“Madeleine was a popular name in the L’Engle family,” says Davis, whose wife, Teresa Izzo, helped him create a website (lenglefinearts.com) detailing his grandparents’ lives and art. William’s sister was also named Madeleine, so researching family history “does get confusing,” Davis says.
“My mom always said that people would come and bring books for her to sign,” after seeing the name L’Engle at the end of the driveway of her home in Truro, Davis recalls. She would tell them that no, she was not that Madeleine L’Engle, “But they would say will you sign them anyway?”
Returning to New York with their infant daughter after the onset of war in Europe, the L’Engles were part of a Modernist art movement and, like fellow Modernists Charles Demuth, Marsden Hartley, Blanche Lazzell and William and Marguerite Zorach, came to Provincetown to join a growing group of artists, writers and intellectuals. Lucy was good friends with artist Marguerite Zorach, and the two of them made local headlines in 1919 when they arrived in Provincetown sporting bobbed haircuts.
Both L’Engles exhibited at the Provincetown Art Association and Museum, established in 1914, and maintained a lifelong affiliation with PAAM. Both served on the jury for and exhibited in the organization’s first Modernist exhibition in 1927, and William, known to friends and family as Bill, was a trustee.
While many of the artists’ paintings were in the angular Cubist style, they both exhibited great range over the course of their respective careers. Much of their work is considered a blend of Cubism and Realism, and William gravitated toward Social Realism. In the 1920s, the couple’s work captured local flavor in the Provincetown-Truro area, but in the 1930s William painted scenes that ranged from industrial, as in “Stonington Mill” (1934), to community, as in “Local Traffic” (1938). Lucy’s work was included in a show with Pablo Picasso in Paris in 1925, Davis notes. Both were enthralled with the Martha Graham dance troupe 1930s jazz dancers, depicting the dancers in sketches and paintings.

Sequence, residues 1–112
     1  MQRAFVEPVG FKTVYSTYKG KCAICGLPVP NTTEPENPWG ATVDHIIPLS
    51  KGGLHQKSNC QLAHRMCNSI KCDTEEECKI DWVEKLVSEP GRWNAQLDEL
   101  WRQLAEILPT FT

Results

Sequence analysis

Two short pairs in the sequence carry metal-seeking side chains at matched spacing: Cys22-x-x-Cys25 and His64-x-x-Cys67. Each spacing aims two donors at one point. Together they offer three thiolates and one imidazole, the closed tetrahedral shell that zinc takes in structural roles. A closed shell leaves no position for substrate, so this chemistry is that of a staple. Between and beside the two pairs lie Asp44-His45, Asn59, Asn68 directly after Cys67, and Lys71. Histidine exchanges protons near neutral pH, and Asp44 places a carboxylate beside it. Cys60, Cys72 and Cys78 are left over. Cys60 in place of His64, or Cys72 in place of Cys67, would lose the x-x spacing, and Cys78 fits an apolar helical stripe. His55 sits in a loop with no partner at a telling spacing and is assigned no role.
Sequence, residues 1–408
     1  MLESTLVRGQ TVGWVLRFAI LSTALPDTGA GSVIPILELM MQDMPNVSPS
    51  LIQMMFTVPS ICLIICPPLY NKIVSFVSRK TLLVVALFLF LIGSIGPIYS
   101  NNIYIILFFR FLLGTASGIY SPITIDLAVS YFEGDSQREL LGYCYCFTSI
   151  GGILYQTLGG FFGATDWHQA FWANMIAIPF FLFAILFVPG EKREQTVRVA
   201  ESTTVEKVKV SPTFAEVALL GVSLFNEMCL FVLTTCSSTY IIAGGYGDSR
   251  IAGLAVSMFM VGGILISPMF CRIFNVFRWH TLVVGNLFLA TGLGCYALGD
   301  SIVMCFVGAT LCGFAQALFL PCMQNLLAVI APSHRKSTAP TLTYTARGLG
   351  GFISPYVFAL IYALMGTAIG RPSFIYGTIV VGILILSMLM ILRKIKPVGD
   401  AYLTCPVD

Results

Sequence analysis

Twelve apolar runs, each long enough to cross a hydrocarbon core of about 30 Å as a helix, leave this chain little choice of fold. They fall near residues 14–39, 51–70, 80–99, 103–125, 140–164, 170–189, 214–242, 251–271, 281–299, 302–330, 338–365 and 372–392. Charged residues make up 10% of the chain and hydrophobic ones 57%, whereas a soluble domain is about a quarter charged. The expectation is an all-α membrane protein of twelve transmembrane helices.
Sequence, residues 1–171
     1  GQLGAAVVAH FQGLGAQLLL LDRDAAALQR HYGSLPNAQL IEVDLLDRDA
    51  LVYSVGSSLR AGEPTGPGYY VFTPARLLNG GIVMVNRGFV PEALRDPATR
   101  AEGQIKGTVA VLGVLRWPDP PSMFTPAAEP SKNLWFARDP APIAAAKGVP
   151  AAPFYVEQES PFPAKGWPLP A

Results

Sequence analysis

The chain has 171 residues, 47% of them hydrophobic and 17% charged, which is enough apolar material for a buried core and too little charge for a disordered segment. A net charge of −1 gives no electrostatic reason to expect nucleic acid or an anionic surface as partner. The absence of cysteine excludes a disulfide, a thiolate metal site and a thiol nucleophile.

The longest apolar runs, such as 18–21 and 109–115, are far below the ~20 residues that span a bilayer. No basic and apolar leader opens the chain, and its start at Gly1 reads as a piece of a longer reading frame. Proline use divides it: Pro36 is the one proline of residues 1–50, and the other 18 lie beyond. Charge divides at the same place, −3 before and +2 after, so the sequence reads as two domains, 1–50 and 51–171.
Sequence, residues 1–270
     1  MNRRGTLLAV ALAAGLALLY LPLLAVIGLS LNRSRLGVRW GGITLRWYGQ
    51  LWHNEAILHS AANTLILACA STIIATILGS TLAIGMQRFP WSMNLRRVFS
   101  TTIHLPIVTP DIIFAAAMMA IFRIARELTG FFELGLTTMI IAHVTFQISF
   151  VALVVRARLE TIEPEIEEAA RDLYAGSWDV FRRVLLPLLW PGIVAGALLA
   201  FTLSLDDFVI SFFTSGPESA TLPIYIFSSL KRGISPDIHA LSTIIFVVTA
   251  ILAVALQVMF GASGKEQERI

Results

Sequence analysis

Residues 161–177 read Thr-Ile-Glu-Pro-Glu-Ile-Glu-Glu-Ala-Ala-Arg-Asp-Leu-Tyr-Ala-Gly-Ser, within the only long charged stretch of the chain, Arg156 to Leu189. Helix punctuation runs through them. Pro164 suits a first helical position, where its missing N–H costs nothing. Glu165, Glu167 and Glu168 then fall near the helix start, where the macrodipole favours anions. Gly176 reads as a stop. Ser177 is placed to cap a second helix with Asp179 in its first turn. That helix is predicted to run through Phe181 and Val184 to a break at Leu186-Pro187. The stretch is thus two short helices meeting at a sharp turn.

William did a number of portraits and sometimes worked in watercolor as well as oil, and Lucy became more abstract in her later paintings. William’s work could be playful, as in his 1924 “Family Map” painting, which depicts all of Cape Cod as Truro and Provincetown, picturing the couple’s studio, Highland Light, Provincetown Monument and, where the mainland would begin, William’s ancestral home in St. Augustine, Florida. Also included in that painting is Lucy’s nickname, “Brownie,” for her maiden name of Brown.
William L’Engle died in 1957, and Lucy kept the Truro house and continued to paint for the rest of her life. She wintered in New York until coming to live full time in Truro in her 80s, at which point her daughter Madeleine moved back to the family home to care for her. Lucy died in 1978 at the age of 89.
Although Davis is happy to have a number of L’Engle paintings, many others went to his cousins, the children of his Aunt Camille, who spent most of her life in California. “So most of the Truro paintings went to California,” Davis says. “They painted all over the world, but the Truro paintings are really great.”
Both William and Lucy were passionate about their work. “They were very dedicated and painted non-stop their entire lives,” says Davis, who remembers his grandmother as very supportive, opinionated and assertive, with a commanding presence. Within the family, “She was a ‘grande dame,’ kind of like Peggy Guggenheim, the famous New York City collector and gallery owner,” he says. Her passing, he reflects, was “the end of an era.”